By Michael J. Billoni
Dr. Ali Jafari, a chiropractor for 32 years in Cheektowaga, has vivid memories of growing up as a Muslim in Bireh-Rammallah, Jordan, when the Six-Day War between the Arabs and Israelis occurred in 1967.
"I saw so many people dying," he says in a near whisper with tears welling in his eyes. "We saw bombs coming down and groups of people blown up in the air. Because we lived near a cemetery, we had to gather the remains of the dead and bury them."
Dr. Jafari and his family were then taken to a refugee camp where they lived under horrible conditions until the Israeli occupation of the West Bank allowed him to leave his family and come to the U.S. as a foreign student in 1968. He was only 14 years young and did not speak a word of English.
"I struggled with the language and the culture while I lived with an American family in Iowa," he recalls. "With their help, and hard work and determination on my part, I was able to grasp the English language."
He attended school in Iowa and Grover Cleveland High School on Buffalo's West Side, where he came to stay with an uncle. His family, back in the Middle East, had always advocated the importance of education to their children, so Dr. Jafari attended the State University College at Buffalo and Palmer College of Chiropractor in Iowa. He wanted to get into health care so he could help others.
While living with his adopted family in Iowa, Dr. Jafari was not able to participate in the Muslim religion and he began learning about Christianity. In Buffalo, he attended the Newman Center and was introduced to the Roman Catholic religion and became baptized. Today, he is a practicing Catholic who attends St. Philip's Church in Cheektowaga regularly and who realizes the importance of having a strong spiritual base.
He fell in love with Buffalo and moved back here to open Jafari Chiropractic, 711 Borden Road in Cheektowaga. He is also president of the South Line Volunteer Fire Co.
Realizing he needed a spiritual boost recently, a friend of his, Frank Occhiuto, invited him on a four-day pilgrimage to Quebec, culminating on July 26 - the feast day of St. Anne DeBeaupre, the Blessed Mother's mother and the grandmother of Jesus.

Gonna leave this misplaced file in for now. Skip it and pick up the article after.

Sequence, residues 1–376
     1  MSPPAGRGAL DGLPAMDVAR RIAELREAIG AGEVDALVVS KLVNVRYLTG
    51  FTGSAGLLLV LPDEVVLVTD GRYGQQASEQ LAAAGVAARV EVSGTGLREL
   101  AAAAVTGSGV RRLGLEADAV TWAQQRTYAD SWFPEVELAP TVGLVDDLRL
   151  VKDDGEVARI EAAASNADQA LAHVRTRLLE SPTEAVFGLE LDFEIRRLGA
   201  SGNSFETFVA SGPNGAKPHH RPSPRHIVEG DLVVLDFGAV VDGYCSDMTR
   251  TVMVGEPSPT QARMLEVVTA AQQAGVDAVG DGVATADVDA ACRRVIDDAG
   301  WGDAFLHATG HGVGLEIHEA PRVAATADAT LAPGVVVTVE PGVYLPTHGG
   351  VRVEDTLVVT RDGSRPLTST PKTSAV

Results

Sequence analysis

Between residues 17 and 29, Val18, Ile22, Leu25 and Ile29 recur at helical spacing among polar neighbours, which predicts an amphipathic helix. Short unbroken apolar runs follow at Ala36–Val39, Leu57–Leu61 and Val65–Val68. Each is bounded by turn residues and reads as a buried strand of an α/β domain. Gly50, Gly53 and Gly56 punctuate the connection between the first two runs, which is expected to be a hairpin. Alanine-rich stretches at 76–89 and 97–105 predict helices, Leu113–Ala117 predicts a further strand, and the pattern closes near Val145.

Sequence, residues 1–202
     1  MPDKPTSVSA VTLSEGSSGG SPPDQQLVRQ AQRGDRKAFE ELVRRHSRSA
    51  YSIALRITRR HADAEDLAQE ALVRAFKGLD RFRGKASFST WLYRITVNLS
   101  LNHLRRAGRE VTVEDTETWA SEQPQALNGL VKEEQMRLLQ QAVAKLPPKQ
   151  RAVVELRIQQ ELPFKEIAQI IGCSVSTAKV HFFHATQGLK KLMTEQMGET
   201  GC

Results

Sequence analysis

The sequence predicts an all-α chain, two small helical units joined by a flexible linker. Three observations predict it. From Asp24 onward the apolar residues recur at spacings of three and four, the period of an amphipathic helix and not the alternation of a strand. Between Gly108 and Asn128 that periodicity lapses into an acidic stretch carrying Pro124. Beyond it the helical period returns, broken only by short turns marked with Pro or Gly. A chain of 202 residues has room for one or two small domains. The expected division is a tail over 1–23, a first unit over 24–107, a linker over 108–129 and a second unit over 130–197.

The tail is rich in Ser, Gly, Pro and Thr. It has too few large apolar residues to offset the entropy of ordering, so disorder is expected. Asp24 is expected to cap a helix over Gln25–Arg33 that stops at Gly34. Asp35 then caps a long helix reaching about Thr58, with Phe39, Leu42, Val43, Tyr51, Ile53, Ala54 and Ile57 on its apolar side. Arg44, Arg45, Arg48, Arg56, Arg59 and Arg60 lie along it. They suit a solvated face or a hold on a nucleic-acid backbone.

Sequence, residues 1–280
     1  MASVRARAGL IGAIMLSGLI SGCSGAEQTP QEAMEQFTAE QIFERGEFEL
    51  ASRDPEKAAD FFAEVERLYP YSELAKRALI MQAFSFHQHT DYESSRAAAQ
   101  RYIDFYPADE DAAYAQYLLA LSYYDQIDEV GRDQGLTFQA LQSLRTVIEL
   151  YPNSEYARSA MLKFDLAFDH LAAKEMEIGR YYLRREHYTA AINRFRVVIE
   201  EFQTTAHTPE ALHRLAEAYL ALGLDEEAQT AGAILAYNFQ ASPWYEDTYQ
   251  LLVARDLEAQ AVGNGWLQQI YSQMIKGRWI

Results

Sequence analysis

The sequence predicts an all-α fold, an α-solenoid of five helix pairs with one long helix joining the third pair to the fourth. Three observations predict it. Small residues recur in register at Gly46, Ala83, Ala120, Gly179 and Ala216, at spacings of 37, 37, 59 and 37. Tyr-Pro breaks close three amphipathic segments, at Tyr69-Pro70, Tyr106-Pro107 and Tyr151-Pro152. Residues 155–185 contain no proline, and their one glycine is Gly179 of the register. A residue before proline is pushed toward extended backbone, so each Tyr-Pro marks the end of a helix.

I was on the same pilgrimage and shared a room with Dr. Jafari.
"I had never been on a pilgrimage before, nor had I ever experienced anything like this," recalls Dr. Jafari, who was among 50 people on the trip, many of whom have made the annual pilgrimage to St. Anne's for years. "To put this trip in the best perspective, I got so much closer to the Holy Spirit and it allowed me to meditate and walk with God for four straight days. What an experience, and now I am trying to continue that journey at home."
One of his spiritual highlights occurred at St. Joseph's Oratory in Montreal where they encourage visitors to walk up any or all of the 100 stairs on your knees and stop to say a prayer on each step. Dr. Jafari was determined to make the journey and completed three quarters of the stairs. Those in charge say very few guests are able to climb all 100 stairs and many only do one quarter of them.
"I struggled; it hurt a lot and I still feel the pain," Dr. Jafari explains 10 days later. "But it was all worth it, because, as I climbed those stairs on my knees, all I could think about was the pain Jesus felt as his hands and legs were nailed into the cross, and then he died hanging from that cross."
Dr. Jafari climbing the stairs on his knees at St. Joseph's in Montreal.
Dr. Jafari was overwhelmed on St. Anne's feast day when he joined thousands of pilgrims who converged on this small Quebec town to worship and celebrate. Catholic Masses were said throughout the day in several languages in the Basilica and the smaller chapel downstairs. At 3 p.m. there was a healing service on the plaza where hundreds of visitors in wheelchairs and on crutches were escorted into an area to hear prayers, songs and then receive a personalized blessing from the many priests who worked their way through the crowd.
Inside the Basilica, there are two walls that have crutches mounted from actual miracles that have occurred over the years. It was quite an experience to witness.
"Being in that amazing Basilica was something I will never, ever forget," Dr. Jafari says. "Standing next to St. Anne's statue, I closed my eyes and felt her presence all around me. I also felt the presence of our Blessed Mother growing up with her mom, and I saw St. Anne holding the baby Jesus."
Teresa Marcello of Cheektowaga, vice president of the Italian Federation of WNY, was on her 16th pilgrimage to St. Anne's.
"Every time I walk into the St. Anne's Basilica on her feast day, I get the shakes and I begin to tear up when I kneel by her statue," she says. "I have made a lot of friends on these trips and have gained another family with some of them who attend every year."
Teresa, who says she was moving away from her faith 20 years ago, because of the craziness of life and getting caught up in doing so many everyday things, credits this pilgrimage with bringing her closer to God.
"I now feel so much closer to the Lord," she declares. "It is so hard to put into words, but this pilgrimage has been life-changing for so many people."
At one of the old churches we visited outside of Montreal, there was a "Gospel Walk" through the woods. There were eight stops with statues from gospel stories. A presenter tells the Bible story and then ties it into a real-life example.
When he comes to the story of Jesus multiplying the loaves and fishes to feed the masses, he says, "All of us can do great things in our life if we have just have faith in the Lord. The power of prayer of an entire community is huge."
One of two walls of crutches inside St. Anne's Basilica.